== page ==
Jesus brings out the concept that not only was murder a sin, but also hatred. Not only was adultery a sin, but lustful intentions as well. Loving your neighbor was right, but love your enemies also.
Salvation through Christ.
Jesus criticized the Jews for thinking they could find or earn eternal life through a worship of the Bible. They would study and memorize the Bible. They observed the feasts and were basically moral. They thought their adherence to the Bible would bring them eternal life. Jesus had to explain that the true purpose of the Scripture was to reveal the promised Savior Who He was, that only through Him could they find eternal life. Christ is the fulfillment of the Old Testament promises that portray Him as the Suffering Servant, Savior, and Lord.
In the Old Testament, it is only God that saves. "I am the Lord, and besides me there is no savior." (Isaiah 43:11.) That Christ claimed to be the Savior, to be equal with God, that He and the Fathers are One, led the Jews to seek His death. To them, it was supreme blasphemy to say that a man was equal to God.
Jesus is Jehovah, Who spoke for God from the beginning as:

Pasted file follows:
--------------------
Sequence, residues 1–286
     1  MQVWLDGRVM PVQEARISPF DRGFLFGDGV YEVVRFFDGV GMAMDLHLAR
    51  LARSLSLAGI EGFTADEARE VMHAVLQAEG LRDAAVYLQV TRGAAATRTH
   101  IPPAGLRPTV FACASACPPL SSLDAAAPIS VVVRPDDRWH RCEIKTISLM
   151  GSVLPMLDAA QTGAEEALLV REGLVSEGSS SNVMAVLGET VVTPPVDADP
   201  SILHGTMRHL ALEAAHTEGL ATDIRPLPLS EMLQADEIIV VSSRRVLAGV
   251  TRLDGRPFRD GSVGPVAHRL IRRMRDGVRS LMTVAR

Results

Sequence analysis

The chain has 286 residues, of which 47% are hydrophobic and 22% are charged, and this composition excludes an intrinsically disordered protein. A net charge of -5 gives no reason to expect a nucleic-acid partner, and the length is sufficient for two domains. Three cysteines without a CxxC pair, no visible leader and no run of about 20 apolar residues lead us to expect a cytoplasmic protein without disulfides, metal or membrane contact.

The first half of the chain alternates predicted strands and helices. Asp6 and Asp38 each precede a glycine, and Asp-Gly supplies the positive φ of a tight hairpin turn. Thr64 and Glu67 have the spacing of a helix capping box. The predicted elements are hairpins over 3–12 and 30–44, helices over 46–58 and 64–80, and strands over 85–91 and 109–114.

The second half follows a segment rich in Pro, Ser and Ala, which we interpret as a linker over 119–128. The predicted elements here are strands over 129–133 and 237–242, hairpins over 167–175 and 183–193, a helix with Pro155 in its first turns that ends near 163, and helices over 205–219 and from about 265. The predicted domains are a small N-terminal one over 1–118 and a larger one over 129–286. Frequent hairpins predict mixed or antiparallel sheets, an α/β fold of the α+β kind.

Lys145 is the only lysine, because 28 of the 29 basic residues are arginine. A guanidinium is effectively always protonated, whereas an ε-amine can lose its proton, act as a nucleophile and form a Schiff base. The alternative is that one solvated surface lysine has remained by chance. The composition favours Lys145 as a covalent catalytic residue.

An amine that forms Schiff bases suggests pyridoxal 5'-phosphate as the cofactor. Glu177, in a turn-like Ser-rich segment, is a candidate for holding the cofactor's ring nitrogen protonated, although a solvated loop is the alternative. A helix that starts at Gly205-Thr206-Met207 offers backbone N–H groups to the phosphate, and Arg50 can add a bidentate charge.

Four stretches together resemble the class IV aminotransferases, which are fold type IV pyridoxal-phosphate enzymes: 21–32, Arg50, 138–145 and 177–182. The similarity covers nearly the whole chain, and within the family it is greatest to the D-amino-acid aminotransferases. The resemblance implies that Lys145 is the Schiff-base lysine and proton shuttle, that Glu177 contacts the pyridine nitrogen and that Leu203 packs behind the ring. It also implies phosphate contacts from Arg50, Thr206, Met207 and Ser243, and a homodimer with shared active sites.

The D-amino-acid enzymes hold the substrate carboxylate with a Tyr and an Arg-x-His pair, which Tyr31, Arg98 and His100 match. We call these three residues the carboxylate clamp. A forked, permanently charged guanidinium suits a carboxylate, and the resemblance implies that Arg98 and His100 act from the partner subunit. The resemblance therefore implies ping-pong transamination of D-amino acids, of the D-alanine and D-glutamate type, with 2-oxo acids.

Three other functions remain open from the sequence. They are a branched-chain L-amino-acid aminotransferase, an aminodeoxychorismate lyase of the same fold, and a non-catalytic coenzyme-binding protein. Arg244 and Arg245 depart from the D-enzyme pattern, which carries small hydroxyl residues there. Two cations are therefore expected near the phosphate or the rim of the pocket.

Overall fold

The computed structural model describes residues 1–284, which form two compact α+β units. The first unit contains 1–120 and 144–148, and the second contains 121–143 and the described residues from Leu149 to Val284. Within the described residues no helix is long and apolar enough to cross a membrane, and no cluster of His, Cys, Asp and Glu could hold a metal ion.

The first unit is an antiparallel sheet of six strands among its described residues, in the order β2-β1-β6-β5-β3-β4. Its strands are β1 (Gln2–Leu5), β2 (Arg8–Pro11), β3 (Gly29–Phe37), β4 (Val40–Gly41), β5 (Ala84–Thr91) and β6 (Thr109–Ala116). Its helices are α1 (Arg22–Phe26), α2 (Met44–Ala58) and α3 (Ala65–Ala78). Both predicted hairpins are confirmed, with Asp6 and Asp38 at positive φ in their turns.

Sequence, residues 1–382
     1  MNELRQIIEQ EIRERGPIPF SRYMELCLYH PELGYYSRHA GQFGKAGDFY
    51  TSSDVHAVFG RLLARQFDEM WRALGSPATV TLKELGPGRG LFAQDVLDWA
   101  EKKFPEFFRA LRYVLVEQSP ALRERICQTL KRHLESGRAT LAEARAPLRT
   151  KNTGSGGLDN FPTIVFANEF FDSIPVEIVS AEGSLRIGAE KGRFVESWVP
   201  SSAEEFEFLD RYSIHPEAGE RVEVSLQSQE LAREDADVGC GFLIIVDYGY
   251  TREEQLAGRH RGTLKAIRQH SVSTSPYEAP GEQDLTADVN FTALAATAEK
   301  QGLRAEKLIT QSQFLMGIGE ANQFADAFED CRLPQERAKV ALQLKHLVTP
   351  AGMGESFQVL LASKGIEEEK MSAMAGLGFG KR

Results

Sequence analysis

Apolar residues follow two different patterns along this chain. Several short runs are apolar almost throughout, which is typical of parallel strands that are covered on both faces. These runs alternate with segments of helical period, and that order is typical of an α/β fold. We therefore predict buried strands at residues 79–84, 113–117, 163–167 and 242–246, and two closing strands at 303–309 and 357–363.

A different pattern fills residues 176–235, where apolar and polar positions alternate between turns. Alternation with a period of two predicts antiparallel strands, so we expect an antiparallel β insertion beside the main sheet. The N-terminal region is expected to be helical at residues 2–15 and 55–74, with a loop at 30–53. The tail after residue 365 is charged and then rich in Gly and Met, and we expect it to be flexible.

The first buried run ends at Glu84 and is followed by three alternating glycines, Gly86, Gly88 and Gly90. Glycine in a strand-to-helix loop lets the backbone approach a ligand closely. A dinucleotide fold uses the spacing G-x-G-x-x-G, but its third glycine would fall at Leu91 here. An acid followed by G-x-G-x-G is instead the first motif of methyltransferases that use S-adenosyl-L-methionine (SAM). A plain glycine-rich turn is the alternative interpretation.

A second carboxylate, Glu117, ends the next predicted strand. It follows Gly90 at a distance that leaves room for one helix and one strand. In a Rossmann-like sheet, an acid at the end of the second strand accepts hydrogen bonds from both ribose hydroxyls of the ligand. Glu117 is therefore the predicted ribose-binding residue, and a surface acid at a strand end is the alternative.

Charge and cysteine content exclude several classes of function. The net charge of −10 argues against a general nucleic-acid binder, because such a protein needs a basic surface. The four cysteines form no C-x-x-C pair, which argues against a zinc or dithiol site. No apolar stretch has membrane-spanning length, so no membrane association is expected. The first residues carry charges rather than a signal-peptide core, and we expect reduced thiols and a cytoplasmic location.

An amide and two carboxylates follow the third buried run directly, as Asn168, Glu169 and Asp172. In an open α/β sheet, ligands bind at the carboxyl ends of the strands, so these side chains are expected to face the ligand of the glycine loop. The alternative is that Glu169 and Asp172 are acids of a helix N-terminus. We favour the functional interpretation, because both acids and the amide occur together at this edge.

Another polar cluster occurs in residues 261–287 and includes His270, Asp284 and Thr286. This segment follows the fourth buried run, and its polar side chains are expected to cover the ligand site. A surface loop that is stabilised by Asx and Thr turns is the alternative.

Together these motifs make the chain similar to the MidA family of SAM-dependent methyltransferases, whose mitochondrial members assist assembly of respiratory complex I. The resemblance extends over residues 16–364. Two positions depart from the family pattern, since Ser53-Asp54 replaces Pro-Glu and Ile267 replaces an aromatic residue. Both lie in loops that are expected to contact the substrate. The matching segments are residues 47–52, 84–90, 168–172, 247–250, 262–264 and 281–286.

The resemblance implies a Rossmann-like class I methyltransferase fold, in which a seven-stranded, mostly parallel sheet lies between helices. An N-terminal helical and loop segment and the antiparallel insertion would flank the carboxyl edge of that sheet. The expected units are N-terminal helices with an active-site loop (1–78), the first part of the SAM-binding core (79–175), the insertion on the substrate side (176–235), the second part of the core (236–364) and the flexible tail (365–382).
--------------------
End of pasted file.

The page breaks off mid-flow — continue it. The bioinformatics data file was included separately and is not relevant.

Creator: Isaiah 40:28 (John 1:3)
Savior: Isaiah 45:22; 43:11 (John4:42)
Raised the dead: I Samuel 2:6 (John 5:21)
Judge: Joel 3:12 (John 5:27)
Light: Isaiah 60:19,20 (John 8:12)
The I Am: Exodus 3:14 (John 8:58)
Shepherd: Psalms 23:1 (John 10:11)
The Glory of God: Isaiah 42:8 (John 17:1,5)
First and Last: Isaiah 41:4; 44: 6 (Revelation 1:17; 2:8)
Redeemer: Hosea 13:14 (Revelations 5:9)
Bridegroom: Isaiah 62:5; Hosea 2:16 (Revelation 21:2; Matthew 25:1)
The Rock: Psalms 18:2 (I Corinthians 10:4)
Forgiver of Sins: Jeremiah 31:34 (Mark 2:7,10)
Worshiped by Angels: Psalms 148:2 (Hebrews 1:6)
Addressed in Prayer: Throughout Old Testament (Acts 7:59)
Creator of Angels: Psalms 148:5 (Colossians 1:16)
Confessed as Lord: Isaiah 45:23 (Phillippians 2:10)
Philippians 2:10 - that at the name of Jesus every knee should bow, of things in heaven, and things in earth, and things under the earth;
Isaiah 45:22,23 speaks of every knee bowing, every tongue, shall swear unto Jehovah as Lord. Jesus fulfills their prophecy also. John 5:39 suggests that the "angel of the Lord" (Jehovah) was also Jesus preincarnate.
The Angel of the Lord is:
Called 'Lord': Genesis 16:7,13 (John 20:28)